Siege of Sevastopol (panorama)

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The Siege of Sevastopol is a painted panorama by the Russian artist Franz Roubaud. It shows the Allied assault on the Malakhov Battery on 6 (18) June 1855 during the Siege of Sevastopol during the Crimean War, in which 173,000 British and French troops were repulsed by 75,000 Russians. It features portraits of Pavel Nakhimov, the Russian nurse Dasha and Nikolay Pirogov. He painted it between 1902 and 1904. It was unveiled in a specially designed building in 1905, the fiftieth anniversary of the siege. It was damaged during the German-Romanian siege of Sevastopol in 1942 and restored in the 1950s.



Roubaud began work on the panorama in 1901. Arriving in Sevastopol, he studied the site of the battle and historical documents, talked to participants and eyewitnesses and produced an initial drawing in Saint Petersburg. Shenhena Merten, Frosch and 20 students of the Bavarian Academy of Fine Arts then created the full-size 14 m by 115 m version. The finished painting was delivered to Sevastopol in summer 1904 and unveiled to the public on 14 May 1905, the fiftieth anniversary of the defence of the city. The first visitors included Russian veterans of the siege.


The building housing the panorama was badly damaged during the 1942 Siege of Sevastopol, its cupola was shattered and the Panorama itself was partly burnt. At the end of the siege, both the Nazi German war flag and the Romanian national flag were hoisted on the building's shattered cupola.[1]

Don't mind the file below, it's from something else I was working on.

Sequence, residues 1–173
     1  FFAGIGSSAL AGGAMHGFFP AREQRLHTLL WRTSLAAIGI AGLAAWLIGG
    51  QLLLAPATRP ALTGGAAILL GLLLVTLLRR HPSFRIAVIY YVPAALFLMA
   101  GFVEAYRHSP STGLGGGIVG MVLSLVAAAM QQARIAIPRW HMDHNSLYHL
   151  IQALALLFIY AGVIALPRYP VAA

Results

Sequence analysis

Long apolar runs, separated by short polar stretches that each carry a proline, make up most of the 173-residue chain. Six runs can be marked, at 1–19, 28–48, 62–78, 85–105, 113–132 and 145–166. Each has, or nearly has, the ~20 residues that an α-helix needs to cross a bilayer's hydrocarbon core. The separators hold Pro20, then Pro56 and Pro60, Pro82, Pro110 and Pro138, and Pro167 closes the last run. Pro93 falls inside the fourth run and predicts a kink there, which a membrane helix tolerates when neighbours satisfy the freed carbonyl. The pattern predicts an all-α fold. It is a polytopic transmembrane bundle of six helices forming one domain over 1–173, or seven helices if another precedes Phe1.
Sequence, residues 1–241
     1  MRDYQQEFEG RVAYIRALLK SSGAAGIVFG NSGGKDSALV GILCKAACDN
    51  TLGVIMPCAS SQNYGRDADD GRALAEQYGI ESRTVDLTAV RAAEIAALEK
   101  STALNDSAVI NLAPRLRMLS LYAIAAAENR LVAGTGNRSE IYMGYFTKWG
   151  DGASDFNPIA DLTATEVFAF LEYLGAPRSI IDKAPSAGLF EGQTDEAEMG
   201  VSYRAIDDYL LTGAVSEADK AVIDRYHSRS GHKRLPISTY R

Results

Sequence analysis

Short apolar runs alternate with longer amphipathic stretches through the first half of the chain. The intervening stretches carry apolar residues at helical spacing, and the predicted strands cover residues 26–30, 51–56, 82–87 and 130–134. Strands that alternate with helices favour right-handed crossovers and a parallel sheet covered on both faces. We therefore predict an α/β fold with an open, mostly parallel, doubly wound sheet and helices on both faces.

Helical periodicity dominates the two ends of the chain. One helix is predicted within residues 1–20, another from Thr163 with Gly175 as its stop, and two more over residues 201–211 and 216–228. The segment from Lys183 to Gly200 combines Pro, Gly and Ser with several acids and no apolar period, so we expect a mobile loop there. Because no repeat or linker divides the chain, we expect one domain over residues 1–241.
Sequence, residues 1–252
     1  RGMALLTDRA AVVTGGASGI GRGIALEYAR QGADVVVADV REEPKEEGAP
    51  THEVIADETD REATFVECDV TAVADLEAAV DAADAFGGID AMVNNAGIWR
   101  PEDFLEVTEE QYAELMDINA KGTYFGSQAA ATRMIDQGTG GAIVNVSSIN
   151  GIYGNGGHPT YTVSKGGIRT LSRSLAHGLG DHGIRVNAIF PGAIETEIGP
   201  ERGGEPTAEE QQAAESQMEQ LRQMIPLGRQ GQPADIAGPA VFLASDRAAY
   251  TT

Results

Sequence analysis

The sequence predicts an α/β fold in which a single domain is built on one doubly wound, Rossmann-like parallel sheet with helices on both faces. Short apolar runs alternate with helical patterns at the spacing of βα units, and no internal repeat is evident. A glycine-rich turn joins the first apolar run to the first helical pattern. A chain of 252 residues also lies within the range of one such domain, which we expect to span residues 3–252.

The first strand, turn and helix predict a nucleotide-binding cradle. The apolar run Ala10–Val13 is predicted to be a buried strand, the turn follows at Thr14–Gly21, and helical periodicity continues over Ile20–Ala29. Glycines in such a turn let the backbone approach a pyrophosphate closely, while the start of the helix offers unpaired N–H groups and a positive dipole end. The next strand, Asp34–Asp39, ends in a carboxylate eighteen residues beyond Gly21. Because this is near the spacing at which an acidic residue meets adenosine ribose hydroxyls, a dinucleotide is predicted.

The evacuation of the painting was carried out on the last ship, which left Sevastopol, "Tashkent" destroyer leader. The ship withstood all the attacks of enemy aircraft, shot down 2 German aircraft and reached the base of Novorossiysk. The whole team for this unprecedented campaign was awarded with orders and medals. [2]



Siege of Sevastopol (1854–1855) by Franz Roubaud



  • (in Russian) B M Rosseykin, Panorama "Defense of Sevastopol". Guide. Ed. Third, Add. - Simferopol, Krymizdat, 1960. 96.


  1. ^ Mungo Melvin CB OBE, Sevastopol’s Wars: Crimea from Potemkin to Putin, Bloomsbury Publishing, 2017
  2. ^ Hounds Of The Red Fleet "Tashkent. Baku. Leningrad." P. Kachur, M. 2008. p.107-116.